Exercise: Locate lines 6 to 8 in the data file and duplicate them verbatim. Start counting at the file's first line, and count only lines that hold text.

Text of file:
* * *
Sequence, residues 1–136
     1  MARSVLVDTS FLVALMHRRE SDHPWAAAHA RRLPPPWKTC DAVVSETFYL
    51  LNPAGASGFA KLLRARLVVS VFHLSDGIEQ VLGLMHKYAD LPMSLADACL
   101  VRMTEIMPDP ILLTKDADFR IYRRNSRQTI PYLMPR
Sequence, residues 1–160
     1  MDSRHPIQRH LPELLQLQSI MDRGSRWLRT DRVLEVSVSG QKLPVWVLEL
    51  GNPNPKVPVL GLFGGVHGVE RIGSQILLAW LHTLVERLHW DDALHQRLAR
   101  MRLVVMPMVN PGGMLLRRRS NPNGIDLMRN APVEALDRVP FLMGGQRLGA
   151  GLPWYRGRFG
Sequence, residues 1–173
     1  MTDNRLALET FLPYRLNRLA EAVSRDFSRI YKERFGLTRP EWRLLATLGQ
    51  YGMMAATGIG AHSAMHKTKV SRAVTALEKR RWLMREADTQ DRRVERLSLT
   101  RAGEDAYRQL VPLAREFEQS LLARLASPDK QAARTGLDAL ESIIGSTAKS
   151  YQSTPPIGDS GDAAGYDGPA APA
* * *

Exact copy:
     1  MDSRHPIQRH LPELLQLQSI MDRGSRWLRT DRVLEVSVSG QKLPVWVLEL
    51  GNPNPKVPVL GLFGGVHGVE RIGSQILLAW LHTLVERLHW DDALHQRLAR
   101  MRLVVMPMVN PGGMLLRRRS NPNGIDLMRN APVEALDRVP FLMGGQRLGA